The standards in this section reflect the dynamic and diverse environment of business Institutions. These standards insist on the periodic, systematic review and possible revision of a Institutions’s mission, as well as on the engagement of appropriate stakeholders in developing and revising the mission, expected outcomes, and supporting strategies. Quality business Institutions have legacies of achievement, improvement, and impact. They implement forward-looking strategies to further their success, sustain their missions, and make an impact in the future. Central to the dynamic environment of business Institutions are intellectual contributions and financial strategies that support change and innovation.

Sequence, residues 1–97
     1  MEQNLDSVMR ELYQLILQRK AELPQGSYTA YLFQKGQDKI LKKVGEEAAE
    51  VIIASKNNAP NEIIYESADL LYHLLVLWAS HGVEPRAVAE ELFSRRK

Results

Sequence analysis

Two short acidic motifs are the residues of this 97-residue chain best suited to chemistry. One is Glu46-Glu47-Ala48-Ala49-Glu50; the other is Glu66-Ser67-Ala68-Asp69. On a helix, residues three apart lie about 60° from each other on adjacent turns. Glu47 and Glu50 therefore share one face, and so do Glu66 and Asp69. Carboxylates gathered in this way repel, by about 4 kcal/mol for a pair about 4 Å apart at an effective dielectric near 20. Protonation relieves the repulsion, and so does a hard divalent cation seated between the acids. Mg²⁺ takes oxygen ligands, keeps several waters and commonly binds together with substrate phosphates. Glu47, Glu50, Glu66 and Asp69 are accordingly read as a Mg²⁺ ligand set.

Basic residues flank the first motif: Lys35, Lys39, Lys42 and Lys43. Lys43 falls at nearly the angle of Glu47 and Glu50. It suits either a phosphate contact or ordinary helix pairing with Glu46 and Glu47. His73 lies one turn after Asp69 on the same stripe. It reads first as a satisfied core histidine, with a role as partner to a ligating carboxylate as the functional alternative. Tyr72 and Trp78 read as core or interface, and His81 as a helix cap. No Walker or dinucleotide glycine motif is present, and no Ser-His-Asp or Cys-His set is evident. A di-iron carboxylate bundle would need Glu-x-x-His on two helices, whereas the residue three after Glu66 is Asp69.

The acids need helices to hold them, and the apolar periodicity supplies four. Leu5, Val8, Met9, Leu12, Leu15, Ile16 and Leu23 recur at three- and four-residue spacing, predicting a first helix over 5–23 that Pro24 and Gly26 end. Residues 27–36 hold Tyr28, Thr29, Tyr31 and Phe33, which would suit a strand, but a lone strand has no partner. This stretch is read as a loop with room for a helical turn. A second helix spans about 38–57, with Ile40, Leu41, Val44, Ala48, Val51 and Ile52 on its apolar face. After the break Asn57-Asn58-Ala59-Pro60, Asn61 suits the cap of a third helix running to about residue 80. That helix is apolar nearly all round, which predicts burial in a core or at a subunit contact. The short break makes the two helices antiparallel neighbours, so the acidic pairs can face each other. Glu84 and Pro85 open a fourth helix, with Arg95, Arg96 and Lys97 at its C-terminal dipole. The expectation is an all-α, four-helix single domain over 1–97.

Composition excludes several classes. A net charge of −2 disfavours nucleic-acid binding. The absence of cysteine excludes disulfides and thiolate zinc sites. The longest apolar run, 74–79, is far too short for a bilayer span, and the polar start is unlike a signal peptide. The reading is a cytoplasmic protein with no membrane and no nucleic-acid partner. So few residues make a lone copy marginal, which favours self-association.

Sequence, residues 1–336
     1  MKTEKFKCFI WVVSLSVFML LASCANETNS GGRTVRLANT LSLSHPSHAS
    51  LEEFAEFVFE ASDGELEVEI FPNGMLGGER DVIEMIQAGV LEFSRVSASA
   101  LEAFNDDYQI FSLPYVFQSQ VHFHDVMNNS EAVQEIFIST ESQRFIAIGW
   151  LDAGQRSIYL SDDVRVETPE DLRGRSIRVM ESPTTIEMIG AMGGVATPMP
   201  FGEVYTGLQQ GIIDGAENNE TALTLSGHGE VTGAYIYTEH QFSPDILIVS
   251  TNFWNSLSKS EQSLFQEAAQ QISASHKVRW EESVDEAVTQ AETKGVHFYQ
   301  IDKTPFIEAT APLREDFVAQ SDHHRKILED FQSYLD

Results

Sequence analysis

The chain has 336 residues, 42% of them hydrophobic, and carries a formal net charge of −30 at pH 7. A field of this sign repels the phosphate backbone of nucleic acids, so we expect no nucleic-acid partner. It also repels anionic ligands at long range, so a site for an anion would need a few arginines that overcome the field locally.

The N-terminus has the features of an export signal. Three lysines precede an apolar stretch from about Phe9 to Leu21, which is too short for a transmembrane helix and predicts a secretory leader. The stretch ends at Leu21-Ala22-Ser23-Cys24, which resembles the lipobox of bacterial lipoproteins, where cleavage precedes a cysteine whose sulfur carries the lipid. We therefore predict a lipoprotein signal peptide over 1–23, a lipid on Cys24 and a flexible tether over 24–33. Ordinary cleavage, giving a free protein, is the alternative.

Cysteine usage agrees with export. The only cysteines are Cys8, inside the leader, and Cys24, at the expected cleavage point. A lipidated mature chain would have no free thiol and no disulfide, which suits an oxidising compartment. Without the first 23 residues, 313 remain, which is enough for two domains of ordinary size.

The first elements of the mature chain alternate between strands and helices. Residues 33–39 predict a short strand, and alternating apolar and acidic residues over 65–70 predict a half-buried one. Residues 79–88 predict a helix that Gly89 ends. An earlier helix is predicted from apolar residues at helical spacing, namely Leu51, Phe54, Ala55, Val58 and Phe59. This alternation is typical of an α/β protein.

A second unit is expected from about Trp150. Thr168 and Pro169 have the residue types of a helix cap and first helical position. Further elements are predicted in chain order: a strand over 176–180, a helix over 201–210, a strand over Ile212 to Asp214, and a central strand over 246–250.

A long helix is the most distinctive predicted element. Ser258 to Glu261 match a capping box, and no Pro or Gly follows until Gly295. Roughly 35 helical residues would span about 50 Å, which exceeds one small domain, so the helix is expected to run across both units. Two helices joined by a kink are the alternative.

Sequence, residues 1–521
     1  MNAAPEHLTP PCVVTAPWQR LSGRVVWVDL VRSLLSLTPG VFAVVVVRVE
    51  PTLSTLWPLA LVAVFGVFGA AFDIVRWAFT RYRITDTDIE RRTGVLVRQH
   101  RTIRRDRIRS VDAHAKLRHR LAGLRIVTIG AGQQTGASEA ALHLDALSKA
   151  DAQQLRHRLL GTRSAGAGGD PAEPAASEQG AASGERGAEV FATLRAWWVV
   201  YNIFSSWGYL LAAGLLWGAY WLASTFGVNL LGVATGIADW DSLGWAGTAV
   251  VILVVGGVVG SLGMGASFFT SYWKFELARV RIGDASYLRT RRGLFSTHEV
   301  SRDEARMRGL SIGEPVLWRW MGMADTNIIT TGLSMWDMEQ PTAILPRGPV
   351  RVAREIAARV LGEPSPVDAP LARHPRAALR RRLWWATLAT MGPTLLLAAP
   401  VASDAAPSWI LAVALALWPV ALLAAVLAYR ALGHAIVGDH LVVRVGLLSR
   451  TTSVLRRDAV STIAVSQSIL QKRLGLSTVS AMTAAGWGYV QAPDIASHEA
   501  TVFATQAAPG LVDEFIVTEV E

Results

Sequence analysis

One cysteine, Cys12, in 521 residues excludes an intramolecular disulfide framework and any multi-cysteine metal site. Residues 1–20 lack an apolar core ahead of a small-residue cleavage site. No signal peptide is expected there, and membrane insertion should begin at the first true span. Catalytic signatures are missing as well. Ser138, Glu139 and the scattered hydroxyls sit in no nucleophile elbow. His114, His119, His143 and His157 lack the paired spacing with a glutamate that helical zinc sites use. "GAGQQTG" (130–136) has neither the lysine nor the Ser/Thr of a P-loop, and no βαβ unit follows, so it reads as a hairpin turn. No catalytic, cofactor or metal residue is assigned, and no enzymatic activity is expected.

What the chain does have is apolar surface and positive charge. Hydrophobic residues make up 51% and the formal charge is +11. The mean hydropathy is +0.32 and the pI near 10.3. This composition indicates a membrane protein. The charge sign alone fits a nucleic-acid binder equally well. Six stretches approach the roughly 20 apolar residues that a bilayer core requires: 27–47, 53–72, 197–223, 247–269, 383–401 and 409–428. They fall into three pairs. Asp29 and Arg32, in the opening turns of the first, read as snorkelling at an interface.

Scholarship that fosters innovation and directly impacts the theory, practice, and teaching of business and management is a cornerstone of a quality business Institutions. A broad range of scholarly activities ensures intellectual vibrancy across and among diverse faculty members and students; such activities contribute to the currency and relevance of the Institutions’s educational programs and directly foster innovation in business enterprises and academic institutions. Intellectual contributions that arise from these scholarly activities ensure the business Institutions contributes to and is an integral part of an academic community of scholars within an institution and across the broader academic community of institutions in higher education. Outcomes of intellectual contributions are indicated by their impact or influence on the theory, practice, and teaching of business and management rather than just by the number of articles published or documents produced. Institutions should make their expectations regarding the impact of intellectual contributions clear and publicly transparent.